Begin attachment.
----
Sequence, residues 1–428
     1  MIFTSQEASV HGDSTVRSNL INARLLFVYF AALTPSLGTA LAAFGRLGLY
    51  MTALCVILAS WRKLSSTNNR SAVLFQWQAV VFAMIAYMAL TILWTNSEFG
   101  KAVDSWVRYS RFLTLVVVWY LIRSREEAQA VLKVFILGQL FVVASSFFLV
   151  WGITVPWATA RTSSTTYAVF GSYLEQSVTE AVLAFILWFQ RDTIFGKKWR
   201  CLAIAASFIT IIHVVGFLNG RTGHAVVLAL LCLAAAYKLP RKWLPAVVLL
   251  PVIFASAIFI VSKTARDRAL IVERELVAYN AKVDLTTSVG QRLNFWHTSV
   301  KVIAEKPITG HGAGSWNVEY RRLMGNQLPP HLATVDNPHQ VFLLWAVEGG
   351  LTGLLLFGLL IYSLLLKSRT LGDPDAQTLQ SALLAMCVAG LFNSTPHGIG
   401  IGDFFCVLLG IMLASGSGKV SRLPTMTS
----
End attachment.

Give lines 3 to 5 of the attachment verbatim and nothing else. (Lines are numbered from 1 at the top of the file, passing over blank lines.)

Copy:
    51  MTALCVILAS WRKLSSTNNR SAVLFQWQAV VFAMIAYMAL TILWTNSEFG
   101  KAVDSWVRYS RFLTLVVVWY LIRSREEAQA VLKVFILGQL FVVASSFFLV
   151  WGITVPWATA RTSSTTYAVF GSYLEQSVTE AVLAFILWFQ RDTIFGKKWR